Sunday, November 25, 2012

鼎泰豐 - Din Tai Fung! (& the GRE)

I traveled up to Seoul again this weekend (so that's 100,000₩ spent on buses in the past two weeks, ugh) in order to take the GRE. But I also took advantage of being in the capital again in order to meet up with friends and eat delicious food!
Din Tai Fung / 鼎泰豐 / 딘타이펑
Did you know that Seoul boasts two branches of the Taiwanese dumpling heaven also known as Din Tai Fung? I didn't either, until I wandered around the Gangnam neighborhood looking for a cafe to work in and saw one of them out of the corner of my eye. Seriously, you cannot imagine how excited I got. I quickly texted Jung Hyun, saying, "Forget that American restaurant you mentioned. Want dumplings?!" Or something along those lines.

Chocolate Kaya toast! (Click to enlarge)
While I waited for my friend to arrive, I studied for a bit at a cute cafe called Ya Kun, part of a Singapore-based chain that specializes in sweet and savory toasts. Strawberry cream tea (?) for 3,300₩ and chocolate kaya toast for 3,800₩. It was good, but maybe a bit pricey. The study atmosphere would have been nicer if folks at the table next to me hadn't been chatting very, very loudly.

Jung Hyun at Din Tai Fung
Anyway, the real culinary goodness started at Din Tai Fung. I've loved this place ever since I went to original restaurant in Taipei. It was small, busy, chaotic, and absolutely delicious. The restaurant wasn't delicious, I mean, but the dumplings were. The chain is supposed to have this fiercely-kept secret recipe for how they make their dumplings so juicy, but I don't know, that might just be good advertising.

Another aspect of the chain is that every restaurant has an "open" kitchen; in the photo at the right, you can see one of the dumpling chefs at work in the background!

Anyway, Jung Hyun and I got two combination platters of dumplings that were 11,000₩ each and some 볶음밥 (bokkeum bap/fried rice); our total bill came to 16,000₩ per person if I remember correctly.

I can only describe the dumplings as being 맛있어요 (delicious)! I tried the shrimp shao mai first, which were good, with really hot juice bursting from the thin shell. The pork dumplings were juicier, though. We also had some 油飯 (glutinous rice) dumplings, which weren't as memorable as the others... kind of dry, actually, in comparison. But overall, it was great; my stomach was full and happy before long.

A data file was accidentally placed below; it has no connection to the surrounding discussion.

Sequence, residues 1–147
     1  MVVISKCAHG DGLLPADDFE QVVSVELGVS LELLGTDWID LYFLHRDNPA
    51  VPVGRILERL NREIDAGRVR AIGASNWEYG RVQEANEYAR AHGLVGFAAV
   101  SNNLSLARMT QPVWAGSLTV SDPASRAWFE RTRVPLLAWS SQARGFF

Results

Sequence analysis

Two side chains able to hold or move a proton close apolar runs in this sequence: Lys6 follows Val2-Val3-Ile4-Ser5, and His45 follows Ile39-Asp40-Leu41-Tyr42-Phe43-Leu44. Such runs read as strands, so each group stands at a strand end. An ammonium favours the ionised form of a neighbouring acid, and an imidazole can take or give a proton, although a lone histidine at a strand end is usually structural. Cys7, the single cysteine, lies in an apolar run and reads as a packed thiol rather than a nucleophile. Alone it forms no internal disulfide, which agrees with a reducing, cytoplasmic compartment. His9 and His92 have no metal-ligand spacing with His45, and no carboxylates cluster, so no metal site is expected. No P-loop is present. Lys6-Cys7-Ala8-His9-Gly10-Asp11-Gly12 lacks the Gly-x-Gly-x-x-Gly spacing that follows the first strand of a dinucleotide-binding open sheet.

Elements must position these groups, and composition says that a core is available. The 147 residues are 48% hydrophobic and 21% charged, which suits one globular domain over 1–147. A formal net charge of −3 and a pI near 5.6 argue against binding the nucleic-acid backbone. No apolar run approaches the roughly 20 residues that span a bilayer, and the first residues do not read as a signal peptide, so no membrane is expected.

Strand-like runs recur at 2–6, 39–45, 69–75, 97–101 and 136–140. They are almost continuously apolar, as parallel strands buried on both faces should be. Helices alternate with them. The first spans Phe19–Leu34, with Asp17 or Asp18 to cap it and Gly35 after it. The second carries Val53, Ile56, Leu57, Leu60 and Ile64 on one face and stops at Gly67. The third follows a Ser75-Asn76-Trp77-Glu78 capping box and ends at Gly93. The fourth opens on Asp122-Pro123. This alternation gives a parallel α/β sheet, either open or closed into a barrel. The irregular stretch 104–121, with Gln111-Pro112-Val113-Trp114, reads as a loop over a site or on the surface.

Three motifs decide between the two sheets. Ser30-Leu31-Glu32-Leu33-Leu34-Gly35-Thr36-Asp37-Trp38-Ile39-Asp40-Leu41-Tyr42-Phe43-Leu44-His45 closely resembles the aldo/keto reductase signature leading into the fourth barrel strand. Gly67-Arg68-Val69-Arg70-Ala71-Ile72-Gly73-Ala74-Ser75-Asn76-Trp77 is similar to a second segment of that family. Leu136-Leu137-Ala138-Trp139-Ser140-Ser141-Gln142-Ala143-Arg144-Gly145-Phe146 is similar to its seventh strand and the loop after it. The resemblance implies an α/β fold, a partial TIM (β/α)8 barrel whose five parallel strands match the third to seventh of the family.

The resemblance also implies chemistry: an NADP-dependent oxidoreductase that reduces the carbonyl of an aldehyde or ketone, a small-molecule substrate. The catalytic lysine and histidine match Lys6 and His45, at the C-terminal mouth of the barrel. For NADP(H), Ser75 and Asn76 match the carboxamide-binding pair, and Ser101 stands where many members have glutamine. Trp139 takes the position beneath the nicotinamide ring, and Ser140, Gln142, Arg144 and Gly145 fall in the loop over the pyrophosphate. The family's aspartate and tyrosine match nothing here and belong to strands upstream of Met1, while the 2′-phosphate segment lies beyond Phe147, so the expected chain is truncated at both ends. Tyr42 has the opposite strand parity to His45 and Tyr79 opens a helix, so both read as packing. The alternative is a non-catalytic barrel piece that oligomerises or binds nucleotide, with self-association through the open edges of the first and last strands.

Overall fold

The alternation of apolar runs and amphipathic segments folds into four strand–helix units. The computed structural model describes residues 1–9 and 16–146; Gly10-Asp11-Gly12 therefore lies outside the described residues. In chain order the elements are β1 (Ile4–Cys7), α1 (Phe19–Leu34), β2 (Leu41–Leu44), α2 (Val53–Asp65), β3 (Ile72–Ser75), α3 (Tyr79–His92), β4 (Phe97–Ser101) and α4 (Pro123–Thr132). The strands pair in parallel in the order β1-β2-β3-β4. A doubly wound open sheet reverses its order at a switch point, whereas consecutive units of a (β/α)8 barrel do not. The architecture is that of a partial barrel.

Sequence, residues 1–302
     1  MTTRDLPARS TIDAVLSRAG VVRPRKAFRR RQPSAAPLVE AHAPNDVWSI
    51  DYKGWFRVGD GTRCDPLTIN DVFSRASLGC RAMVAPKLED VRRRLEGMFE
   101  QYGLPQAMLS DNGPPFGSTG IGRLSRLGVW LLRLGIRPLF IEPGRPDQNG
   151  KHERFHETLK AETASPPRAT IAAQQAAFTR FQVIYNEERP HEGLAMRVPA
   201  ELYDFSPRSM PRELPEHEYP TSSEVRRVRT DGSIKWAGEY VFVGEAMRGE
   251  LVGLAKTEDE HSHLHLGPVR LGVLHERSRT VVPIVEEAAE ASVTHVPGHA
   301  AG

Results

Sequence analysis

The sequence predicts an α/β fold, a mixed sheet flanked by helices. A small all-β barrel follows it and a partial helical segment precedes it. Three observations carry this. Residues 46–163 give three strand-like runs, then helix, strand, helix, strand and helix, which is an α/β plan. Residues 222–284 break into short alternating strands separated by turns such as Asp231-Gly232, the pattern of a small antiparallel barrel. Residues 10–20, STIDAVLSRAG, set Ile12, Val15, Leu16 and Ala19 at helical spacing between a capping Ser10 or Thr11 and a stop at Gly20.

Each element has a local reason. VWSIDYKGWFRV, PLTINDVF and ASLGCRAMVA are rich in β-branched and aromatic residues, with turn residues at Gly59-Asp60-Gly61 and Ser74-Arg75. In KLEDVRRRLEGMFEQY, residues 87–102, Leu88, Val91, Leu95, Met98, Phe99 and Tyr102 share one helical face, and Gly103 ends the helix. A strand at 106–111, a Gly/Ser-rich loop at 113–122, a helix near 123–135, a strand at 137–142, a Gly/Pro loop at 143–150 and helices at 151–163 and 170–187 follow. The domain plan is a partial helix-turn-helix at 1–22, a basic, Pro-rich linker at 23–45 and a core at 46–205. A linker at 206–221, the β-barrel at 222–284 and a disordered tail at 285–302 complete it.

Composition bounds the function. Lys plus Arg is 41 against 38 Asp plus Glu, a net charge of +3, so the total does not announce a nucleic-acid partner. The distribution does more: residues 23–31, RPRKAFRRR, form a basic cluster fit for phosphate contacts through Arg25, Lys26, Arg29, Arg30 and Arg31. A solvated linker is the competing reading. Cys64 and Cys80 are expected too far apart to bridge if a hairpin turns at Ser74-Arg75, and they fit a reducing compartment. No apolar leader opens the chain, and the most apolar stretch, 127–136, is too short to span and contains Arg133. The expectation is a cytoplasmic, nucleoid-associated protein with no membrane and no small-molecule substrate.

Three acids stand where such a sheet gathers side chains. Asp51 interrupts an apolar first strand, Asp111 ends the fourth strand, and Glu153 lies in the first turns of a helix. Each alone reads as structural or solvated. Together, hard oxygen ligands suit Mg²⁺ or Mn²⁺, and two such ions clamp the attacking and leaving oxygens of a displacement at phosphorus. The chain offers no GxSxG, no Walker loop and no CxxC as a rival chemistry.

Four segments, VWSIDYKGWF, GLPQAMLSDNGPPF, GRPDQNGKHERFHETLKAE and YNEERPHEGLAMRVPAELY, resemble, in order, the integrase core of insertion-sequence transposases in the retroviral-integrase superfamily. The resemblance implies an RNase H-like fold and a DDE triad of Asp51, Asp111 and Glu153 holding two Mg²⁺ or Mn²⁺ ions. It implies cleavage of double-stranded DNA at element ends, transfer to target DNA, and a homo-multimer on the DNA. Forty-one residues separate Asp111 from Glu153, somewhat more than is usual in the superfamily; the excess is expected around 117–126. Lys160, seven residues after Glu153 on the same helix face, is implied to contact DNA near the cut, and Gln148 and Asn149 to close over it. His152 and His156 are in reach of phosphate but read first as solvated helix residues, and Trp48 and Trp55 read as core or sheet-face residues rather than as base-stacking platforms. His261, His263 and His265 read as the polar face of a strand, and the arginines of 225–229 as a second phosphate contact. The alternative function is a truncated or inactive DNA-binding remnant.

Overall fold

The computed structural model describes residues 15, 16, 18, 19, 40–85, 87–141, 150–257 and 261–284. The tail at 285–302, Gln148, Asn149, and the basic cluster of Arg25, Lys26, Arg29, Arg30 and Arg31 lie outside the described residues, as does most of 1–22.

Dumplings at Din Tai Fung. I'm so happy we found this place!
Jung Hyun and I chatted for a long time about our lives as busy adults with real jobs... what a concept! And after dinner, we went to Starbucks, got sugary not-really-coffees, and walked around the ritzy Gangnam area just to look at the lights and pretty things. All around Seoul, people are getting ready for Christmas!
It's Christmastime at the flower shop in the metro station!
Seeing all the decorations everywhere is really great, but also kind of strange, because Korea doesn't have quite the same connection with Christianity that western nations and cultures do, so Christmas seems, at least to me, to be more overtly commercialized. It's really about getting into the spirit of shopping and buying cute, pretty things that have no basis in anything remotely close to Korean culture. In the United States, of course, every Christmas spawns another round of the "Put the 'Christ' back in Christmas!!!" chorus -- American Christmas is indeed the epitome of the Commerical Christmas -- but there's also the strong religious cohort that tries to keep the roots of the holiday as visible as possible. Here, well, maybe not so much? I have yet to see any nativity scenes, but time will tell.

Okay, tangent aside... after dinner, I went back to the place where I was staying and crammed for a bit, slept, woke up at 8am, spent the morning nervously eating breakfast and cramming more, and then took the GRE. It was not easy. Four hours makes for a long exam and an exhausted Andrew. Then I Skyped with my parents, got lunch with Jake, Fulbright's current Executive Assistant, and hopped on a bus back to Changwon.

All in all, a productive weekend, I suppose. But although it was fun, I think I need to budget myself better. I spend so much money when I go to Seoul, it's alarming. I think I started out on Saturday with over a hundred bucks in my wallet, and I have only one 5,000₩ note left. Also, I'm pooped. I think the upcoming week is going to be tough... while my first-years are still doing their speaking tests, my second-years are turning in their first drafts for their speeches, which means several long nights of correcting papers are in store for me. Sigh... 화이팅!

P.S. Happy birthday, Mom!

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